Monday, 6 July 2015

China's universal health insurance? Well, that depends what province you live in

China's government now claims that something like 90% of the population are covered by health insurance. It's a statistic that's repeated by people who should know better - including the editor of the Lancet.
In reality, the level and breadth of health insurance varies significantly between different provinces. Some have high rates of coverage, some have high rates of investment in their health funds. Some have both, some neither. An interesting analysis in Caixin by Yang Mingyu shows why the patterns of health insurance have emerged.
[Health insurance coverage (left) and investment per person (right) by province]

He divides the provinces into four groups, characterised by their health insurance profile.
Some he describes as ideal, with high rates of cover (80-90%) and investment (100-1800 yuan per person). These tend to be the affluent eastern coast provinces of Guangdong, Zhejiang, Jiangsu. A second group, typified by Beijing, Shanghai, Tianjin, (and weirdly, Tibet) have high rates of investment in their health insurance systems, but coverage isn't so great - sometimes as low as 60%. The third kind of insurance pattern is the 'cover' province: Sichuan, Guangxi, Chongqing, which have high rates of insurance cover but only modest investment in them. And finally we have the poor relations - the low cover and low investment provinces such as Heilongjiang, Jilin, Liaoning.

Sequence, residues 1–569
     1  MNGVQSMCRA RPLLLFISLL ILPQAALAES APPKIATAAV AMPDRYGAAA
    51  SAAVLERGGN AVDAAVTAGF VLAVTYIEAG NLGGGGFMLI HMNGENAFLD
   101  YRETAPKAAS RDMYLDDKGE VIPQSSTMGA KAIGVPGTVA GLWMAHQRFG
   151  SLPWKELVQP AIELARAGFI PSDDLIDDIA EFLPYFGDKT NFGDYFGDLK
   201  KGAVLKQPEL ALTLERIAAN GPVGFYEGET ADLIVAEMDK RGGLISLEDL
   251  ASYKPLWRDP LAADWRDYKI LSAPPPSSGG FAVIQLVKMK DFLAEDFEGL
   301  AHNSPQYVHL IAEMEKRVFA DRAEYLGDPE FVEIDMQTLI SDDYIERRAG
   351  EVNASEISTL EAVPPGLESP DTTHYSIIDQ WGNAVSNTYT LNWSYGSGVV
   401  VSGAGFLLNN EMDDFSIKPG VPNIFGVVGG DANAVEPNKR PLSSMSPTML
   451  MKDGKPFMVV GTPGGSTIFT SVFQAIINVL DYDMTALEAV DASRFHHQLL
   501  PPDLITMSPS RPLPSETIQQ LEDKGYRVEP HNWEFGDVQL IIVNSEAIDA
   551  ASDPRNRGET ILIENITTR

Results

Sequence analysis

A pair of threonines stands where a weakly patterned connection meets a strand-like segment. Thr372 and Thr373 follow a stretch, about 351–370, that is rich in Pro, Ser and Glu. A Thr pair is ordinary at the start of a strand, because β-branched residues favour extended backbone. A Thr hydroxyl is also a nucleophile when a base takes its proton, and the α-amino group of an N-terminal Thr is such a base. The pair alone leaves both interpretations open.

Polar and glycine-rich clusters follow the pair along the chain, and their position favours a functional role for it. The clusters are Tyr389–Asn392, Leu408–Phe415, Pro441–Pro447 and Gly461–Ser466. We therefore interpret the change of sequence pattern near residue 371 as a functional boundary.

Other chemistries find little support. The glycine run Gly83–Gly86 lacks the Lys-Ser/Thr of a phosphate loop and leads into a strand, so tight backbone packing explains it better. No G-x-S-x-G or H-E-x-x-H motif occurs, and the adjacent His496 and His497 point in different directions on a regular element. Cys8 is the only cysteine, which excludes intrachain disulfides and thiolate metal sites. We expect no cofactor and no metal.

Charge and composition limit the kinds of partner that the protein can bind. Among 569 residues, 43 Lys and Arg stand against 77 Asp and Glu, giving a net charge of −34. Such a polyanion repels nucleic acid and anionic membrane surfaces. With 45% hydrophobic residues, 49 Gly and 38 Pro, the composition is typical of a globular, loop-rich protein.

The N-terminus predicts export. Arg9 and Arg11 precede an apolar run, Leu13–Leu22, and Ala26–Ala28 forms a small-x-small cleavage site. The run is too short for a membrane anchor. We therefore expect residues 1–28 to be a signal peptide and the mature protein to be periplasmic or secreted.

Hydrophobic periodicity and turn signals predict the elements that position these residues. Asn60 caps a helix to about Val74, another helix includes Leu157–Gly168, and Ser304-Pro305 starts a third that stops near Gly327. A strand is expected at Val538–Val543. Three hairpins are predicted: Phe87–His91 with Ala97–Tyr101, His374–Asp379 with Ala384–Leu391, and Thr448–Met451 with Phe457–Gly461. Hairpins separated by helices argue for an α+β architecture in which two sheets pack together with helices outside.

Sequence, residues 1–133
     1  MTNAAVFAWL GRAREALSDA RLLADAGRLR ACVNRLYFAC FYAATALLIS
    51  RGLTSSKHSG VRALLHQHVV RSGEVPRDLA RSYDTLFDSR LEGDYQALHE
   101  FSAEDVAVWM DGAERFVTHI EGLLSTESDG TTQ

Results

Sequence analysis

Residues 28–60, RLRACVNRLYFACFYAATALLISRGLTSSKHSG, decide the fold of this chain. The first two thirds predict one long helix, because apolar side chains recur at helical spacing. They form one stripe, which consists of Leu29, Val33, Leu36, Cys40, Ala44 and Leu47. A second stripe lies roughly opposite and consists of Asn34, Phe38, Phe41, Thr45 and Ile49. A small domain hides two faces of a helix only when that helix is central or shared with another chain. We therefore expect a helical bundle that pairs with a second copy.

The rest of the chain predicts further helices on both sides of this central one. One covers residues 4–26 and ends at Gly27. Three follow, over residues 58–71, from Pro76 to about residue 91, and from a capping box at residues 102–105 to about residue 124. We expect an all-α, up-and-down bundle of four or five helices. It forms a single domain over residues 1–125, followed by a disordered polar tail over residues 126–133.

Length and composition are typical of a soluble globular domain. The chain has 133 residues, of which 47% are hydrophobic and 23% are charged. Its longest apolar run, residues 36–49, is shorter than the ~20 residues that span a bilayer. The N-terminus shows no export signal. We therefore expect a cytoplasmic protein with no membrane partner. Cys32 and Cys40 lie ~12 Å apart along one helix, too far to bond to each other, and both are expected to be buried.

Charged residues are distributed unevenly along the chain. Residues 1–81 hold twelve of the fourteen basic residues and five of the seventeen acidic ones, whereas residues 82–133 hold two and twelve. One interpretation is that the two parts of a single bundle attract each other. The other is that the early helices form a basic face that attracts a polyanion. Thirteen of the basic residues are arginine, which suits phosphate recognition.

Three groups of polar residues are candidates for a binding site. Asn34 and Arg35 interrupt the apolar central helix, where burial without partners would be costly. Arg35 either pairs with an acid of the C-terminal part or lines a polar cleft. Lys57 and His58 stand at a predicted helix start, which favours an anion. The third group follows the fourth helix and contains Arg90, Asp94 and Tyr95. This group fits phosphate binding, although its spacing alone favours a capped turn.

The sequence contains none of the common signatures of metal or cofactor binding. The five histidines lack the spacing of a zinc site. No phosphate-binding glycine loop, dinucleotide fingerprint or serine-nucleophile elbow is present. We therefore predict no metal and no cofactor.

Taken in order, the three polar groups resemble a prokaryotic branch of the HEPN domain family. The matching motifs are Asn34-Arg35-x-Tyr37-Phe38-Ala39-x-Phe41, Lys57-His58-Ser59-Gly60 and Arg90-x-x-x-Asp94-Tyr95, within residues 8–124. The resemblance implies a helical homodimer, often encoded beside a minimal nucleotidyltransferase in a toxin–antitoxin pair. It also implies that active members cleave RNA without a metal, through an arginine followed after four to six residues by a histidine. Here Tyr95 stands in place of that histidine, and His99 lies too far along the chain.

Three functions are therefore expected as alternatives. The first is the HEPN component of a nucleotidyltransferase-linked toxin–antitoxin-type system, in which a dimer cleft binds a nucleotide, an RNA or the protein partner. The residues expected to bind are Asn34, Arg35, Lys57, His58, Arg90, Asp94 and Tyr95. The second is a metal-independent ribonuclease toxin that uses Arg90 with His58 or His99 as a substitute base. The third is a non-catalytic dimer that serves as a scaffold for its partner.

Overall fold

Yang Mingyu says the  patterns are explained by a combination of economic strength, internal migration and the government's policy to maintain social stability. Investment in healthcare is seen as a major way of preserving social stability. Therefore, the government has invested heavily in health insurance in some of the  provinces where there have been large inflows of migrant labour. Conversely, some of the poorer provinces  have a left behind population of mostly elderly and children with high healthcare requirements but little capacity to contribute to healthcare costs. The government has promoted wider membership of health funds in these areas to reap premiums needed to support the health infrastructure.

However, there have been some 'backward' conservative provinces with few financial resources and also little investment in the health funds.

The article concludes by saying that some provinces need to be encouraged to reform their health insurance systems and provide more cover or investment to suit local needs, even if the local circumstances do not favour it.

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